Thank you for reading the news about Thailand reports 3 new imported coronavirus cases; 28 days without local transmission and now with the details
Jeddah - Yasmine El Tohamy - DHAKA: Traveling by carpool to work every day was never a problem for Shamia Nasrin Nipa, a 27-year-old resident of the Dhanmondi area in Dhaka, Bangladesh.
However, ever since a lockdown was imposed to contain the coronavirus disease (COVID-19) in the country, she said it became challenging to maintain social distancing rules and a sustainable way of transportation as well.
To cater to both requirements, she switched to using a bicycle to commute to her workplace, which is 7 kilometers away, and told Arab News on Saturday that “there’s no turning back.”
“My journey to and from office became a matter of huge concern as there were no ride-sharing services on the streets due to the antivirus measures. Moreover, public buses are not safe enough either, as they increase the risk of infection. So, my bicycle became my savior,” Nipa, who works for an advertising firm in the city’s Gulshan area, said. She is not alone. Several other commuters who spoke to Arab News said they found the humble two-wheeler to be the easiest and most affordable option.
“There were two options for me. Either I was buying a motorcycle or a bicycle. I chose the latter since it’s very cheap and environmentally friendly,” said 43-year-old Imran Ahmed, manager of a pharmaceutical company.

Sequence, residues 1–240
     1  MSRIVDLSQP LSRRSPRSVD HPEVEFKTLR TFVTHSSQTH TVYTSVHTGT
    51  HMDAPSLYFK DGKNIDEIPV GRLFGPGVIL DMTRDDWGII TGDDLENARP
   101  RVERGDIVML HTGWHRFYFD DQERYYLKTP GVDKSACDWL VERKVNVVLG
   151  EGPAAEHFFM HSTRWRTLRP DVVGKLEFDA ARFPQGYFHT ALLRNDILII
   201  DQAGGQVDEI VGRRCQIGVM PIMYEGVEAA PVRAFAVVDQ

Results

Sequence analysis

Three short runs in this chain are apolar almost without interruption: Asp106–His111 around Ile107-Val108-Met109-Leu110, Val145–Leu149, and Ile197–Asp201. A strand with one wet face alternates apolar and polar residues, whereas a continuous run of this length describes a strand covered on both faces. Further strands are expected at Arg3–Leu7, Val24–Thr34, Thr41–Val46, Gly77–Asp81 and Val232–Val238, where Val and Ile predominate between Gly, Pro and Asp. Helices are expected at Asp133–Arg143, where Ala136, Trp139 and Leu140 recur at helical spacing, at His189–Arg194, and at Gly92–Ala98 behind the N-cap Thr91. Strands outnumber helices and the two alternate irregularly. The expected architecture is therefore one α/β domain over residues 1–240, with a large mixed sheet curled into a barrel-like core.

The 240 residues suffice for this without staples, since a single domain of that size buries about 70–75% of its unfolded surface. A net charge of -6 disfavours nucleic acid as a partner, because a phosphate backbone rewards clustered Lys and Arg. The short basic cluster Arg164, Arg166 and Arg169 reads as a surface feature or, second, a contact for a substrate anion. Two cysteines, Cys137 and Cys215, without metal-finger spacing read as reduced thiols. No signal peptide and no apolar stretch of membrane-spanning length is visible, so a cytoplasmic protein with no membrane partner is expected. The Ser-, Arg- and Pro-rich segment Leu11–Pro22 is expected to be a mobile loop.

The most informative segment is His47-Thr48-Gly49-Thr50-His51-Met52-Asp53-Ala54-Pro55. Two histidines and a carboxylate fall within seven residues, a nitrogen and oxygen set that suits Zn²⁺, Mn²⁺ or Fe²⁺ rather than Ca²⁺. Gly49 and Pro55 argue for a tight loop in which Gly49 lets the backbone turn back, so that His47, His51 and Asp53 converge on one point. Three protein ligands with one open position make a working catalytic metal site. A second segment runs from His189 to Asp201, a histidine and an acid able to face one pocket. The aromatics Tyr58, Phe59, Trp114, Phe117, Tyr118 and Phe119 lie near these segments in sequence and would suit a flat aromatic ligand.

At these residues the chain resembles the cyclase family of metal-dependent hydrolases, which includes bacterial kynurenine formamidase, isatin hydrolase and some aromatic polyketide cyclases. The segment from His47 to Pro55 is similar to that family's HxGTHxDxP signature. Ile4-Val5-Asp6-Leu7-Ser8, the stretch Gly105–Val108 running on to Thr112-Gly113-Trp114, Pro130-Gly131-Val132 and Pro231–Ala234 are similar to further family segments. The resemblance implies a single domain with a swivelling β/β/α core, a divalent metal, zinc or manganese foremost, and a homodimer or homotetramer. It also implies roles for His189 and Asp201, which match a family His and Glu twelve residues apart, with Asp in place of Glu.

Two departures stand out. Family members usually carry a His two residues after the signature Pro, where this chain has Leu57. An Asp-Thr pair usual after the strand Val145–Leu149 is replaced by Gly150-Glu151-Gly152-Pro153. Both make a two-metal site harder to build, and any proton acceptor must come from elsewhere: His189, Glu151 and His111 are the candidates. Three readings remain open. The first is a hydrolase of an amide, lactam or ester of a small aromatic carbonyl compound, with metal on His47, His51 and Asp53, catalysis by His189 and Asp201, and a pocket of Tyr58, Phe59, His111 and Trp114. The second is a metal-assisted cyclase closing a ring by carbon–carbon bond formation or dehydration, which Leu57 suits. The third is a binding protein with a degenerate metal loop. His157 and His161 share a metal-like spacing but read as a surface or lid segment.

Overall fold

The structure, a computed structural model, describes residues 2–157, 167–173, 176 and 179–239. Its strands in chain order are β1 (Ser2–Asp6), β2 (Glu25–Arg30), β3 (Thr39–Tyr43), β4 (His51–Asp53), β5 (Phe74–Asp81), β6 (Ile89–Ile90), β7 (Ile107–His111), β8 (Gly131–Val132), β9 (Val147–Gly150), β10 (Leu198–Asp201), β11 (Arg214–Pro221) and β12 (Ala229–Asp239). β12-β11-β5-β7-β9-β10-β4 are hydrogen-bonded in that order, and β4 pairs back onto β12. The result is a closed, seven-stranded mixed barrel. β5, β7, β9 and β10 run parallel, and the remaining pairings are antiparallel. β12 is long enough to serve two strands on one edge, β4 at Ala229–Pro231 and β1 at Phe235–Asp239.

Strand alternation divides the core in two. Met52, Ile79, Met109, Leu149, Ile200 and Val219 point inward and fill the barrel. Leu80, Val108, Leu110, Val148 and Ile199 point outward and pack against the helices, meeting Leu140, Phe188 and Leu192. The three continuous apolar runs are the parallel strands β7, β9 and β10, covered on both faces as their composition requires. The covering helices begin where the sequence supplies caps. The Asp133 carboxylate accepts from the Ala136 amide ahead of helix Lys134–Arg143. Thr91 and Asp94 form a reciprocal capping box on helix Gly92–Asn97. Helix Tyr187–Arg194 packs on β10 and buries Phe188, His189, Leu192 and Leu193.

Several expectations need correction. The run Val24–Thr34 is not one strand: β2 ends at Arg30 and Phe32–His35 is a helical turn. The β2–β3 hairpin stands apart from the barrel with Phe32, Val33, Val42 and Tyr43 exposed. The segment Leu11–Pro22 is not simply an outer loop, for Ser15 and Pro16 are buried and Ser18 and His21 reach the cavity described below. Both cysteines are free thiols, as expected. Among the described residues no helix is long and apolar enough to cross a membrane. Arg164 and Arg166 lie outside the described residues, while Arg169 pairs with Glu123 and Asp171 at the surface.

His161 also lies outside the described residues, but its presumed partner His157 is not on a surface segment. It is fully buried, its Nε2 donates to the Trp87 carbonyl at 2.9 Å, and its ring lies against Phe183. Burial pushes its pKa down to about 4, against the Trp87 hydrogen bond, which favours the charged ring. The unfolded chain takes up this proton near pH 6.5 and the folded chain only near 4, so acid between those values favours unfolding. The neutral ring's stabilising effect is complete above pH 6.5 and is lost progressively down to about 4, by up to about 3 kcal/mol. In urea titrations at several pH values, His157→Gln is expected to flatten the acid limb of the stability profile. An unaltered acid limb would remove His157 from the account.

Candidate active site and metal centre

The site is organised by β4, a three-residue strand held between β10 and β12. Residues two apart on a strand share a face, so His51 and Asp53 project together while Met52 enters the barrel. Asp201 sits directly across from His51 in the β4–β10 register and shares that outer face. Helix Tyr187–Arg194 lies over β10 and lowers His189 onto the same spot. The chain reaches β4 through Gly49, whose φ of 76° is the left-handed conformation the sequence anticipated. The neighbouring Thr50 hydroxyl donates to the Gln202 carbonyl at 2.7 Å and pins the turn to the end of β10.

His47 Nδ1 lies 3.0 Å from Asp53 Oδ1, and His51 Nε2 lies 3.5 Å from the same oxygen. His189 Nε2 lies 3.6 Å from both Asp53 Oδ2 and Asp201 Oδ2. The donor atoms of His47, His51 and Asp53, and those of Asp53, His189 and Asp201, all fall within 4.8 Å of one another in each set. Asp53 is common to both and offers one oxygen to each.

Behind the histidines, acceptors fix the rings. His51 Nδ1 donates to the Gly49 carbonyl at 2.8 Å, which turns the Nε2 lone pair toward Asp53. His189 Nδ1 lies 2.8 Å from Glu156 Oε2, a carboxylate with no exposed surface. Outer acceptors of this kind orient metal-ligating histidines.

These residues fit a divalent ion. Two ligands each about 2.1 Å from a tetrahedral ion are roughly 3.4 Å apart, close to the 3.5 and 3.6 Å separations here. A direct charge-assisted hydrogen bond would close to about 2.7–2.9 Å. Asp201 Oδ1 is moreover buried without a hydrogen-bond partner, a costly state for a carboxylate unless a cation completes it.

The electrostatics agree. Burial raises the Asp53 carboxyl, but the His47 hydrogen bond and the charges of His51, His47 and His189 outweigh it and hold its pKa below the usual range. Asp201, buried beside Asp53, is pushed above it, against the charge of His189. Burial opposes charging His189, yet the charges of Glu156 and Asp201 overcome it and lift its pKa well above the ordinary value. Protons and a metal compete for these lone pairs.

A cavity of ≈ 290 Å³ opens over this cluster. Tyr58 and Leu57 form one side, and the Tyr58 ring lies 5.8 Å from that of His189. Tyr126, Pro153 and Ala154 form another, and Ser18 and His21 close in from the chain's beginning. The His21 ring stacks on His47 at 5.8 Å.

He added that despite his office providing a “pick-and-drop service,” he opted for the bicycle as it provided “much-needed exercise” as well.
The latest trend means the cash registers have not stopped ringing for bicycle suppliers, with some reporting a sudden boom in business.
“Bicycle sales have tripled in recent weeks. On average, I now sell 20 bicycles a day,” Human Kabir, owner of a bicycle store in the city’s Karwan Bazar area, told Arab News.
He added that while teenagers were his primary buyers, now people aged 25-60 were buying bicycles.
Commuters make switch from cars to bicycles for health, social distancing reasons.
“People need to spend $125 for a decent bicycle. But for a bicycle of high quality, the price goes up to $350. In the local market, we have a demand of 1.5 million bicycle pieces per year,” Kabir said.
Bicycle enthusiasts said they were pleased that the two-wheeler was getting its due recognition.
Fuad Ahsan Chowdhury, a volunteer of the BDCyclist group, said that the mindset has changed for what was formerly considered a poor man’s mode of transport.
“In this pandemic period, the bicycle has become a very popular mode of transportation as there are fewer vehicles on the streets. Usually, Dhaka streets are not safe for bicycle riders due to reckless drivers,” Chowdhury, who is also an IT consultant by profession, told Arab News.
“Bicycle sellers are now struggling to meet the increased demand. Many stores are running out of stocks as imports are also hampered due to the pandemic,” he added.
To meet the increased demand, a new bike-sharing service was launched in three areas of Dhaka — Gulshan, Banani and Baridhara — on Sunday.
Commuters can rent a bike and deposit it at fixed points after reaching their destinations, Chowdhury said, adding that the move would help promote bicycle use in the country.
“Many countries in the western world have already adopted bicycle riding, considering their environmental and health benefits. The pandemic has created an opportunity for many of us to adopt this good practice also,” he said.
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